Once inside the temple the guide explained the different traditions with the pythons. Ben will need to explain more my French is far from adequate. I did get that they usually have a virgin do something but that year they couldn’t find a virgin in the family so they chose a menopausal woman instead???? All I did get from it was there are 40 snakes living on the grounds and they are considered sacred. Once a month the snakes are released out into the village to eat, usually rats, mice and small birds. If a village member finds a snake that has eaten they are to pick it up and return it to the temple. Some of the snakes there are as old as 40 years old.

There was also an ancient looking tree, which they said was 600 years old, and I think they were saying that voodoo believers could have questions answered by touching the tree with the left hand, the hand closest to the heart, and asking.  There was a draping covering something at the bottom of the tree, I didn’t catch what was behind it.  Maybe a shrine?  There were also large clay containers, which were stored upside down so they looked like large clay spheres.  Every ?3 years? the containers are filled with water and the leaves of a certain tree, and a ceremony is performed to bless the water.  The water is then used for purification of homes and other ceremonies.  I believe this is the ceremony which is normally performed by the virgin.   – Ben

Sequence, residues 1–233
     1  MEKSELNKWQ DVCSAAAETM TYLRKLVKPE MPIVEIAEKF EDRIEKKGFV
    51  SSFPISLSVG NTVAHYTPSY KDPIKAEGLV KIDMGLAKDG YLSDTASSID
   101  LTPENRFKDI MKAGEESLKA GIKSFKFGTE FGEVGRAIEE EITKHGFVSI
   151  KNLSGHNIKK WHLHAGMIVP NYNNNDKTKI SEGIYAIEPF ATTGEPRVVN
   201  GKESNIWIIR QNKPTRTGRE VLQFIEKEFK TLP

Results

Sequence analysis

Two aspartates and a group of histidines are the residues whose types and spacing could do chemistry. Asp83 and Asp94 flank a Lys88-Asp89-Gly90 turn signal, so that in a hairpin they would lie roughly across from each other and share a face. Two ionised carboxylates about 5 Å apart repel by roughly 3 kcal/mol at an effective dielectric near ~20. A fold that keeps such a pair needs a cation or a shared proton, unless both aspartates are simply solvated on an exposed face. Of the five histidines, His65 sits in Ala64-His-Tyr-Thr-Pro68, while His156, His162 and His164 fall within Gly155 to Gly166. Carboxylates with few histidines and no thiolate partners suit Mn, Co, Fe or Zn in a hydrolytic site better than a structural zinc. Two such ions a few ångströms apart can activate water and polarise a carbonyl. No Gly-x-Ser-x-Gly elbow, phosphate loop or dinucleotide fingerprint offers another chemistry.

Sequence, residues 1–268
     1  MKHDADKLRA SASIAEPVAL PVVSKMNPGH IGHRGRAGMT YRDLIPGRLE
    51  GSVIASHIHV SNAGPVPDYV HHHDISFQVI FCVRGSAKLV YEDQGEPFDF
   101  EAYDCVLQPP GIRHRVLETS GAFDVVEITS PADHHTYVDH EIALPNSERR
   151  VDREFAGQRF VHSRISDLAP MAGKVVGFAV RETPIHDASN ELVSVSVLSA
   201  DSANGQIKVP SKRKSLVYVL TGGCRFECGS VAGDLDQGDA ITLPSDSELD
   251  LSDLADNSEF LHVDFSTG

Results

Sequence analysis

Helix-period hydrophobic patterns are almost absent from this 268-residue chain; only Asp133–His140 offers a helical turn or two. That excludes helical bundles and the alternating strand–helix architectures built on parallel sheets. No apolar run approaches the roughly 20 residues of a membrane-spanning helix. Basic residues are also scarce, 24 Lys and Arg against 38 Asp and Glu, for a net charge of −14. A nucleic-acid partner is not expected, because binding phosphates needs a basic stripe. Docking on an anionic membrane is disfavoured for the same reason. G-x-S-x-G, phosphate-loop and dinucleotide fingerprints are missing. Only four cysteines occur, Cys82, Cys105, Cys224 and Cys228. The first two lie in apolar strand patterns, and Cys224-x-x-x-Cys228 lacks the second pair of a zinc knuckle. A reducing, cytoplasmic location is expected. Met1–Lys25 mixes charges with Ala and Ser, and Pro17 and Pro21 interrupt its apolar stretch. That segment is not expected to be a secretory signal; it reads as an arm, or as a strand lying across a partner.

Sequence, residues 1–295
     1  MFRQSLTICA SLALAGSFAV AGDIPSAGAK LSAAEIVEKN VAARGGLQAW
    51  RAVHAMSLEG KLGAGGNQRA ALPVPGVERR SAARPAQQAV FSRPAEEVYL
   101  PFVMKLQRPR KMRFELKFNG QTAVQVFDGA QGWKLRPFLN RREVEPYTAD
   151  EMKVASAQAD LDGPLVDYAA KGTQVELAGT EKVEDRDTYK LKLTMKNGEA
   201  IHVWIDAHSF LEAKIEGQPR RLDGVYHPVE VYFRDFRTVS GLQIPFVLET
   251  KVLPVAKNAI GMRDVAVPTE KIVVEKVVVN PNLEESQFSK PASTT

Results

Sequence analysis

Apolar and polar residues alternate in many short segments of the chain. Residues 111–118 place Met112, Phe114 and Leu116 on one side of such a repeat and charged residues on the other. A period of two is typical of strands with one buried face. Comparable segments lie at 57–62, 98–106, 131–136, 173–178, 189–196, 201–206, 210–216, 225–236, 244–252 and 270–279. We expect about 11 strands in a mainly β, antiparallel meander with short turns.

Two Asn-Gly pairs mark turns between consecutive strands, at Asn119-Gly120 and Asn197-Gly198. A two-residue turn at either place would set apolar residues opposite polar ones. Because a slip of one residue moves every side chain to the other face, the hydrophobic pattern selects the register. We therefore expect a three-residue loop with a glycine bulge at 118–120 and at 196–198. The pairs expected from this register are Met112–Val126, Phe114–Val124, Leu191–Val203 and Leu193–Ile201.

She thought I smelled delicious evidently.

 

Everett Roger has been asking for a snake for ages, this didn’t help.

 

Oliver was shocked with how heavy she was.

 

Harrison was the first to volunteer and ask questions as usual.

 

This is their actual lair. There are over 40 snakes living in the room. You can see the boys petting one then one by Ben’s back and head.

 

Pit of snakes anyone?

On our way back we did a tour of the Transatlantic Slave Route Project launched in 1994 with UNESCO.

Gate- Benin was a huge slave port of African slaves being shipped west to the Americas. At first it was rival tribes that would capture and then sell the slaves to the European slave traders but eventually the traders just started grabbing anyone they could get their hands on.

First they went to the slave market. After that they were brought to the Tree of Forgetting where women went around it 7 times and men 9 times. This would help them forget their past lives and accept their new ones. They were then send to a dark house kept free from artificial or natural sunlight. They were kept there for 2 weeks and fed one meal a day to prepare them for their travel across the sea.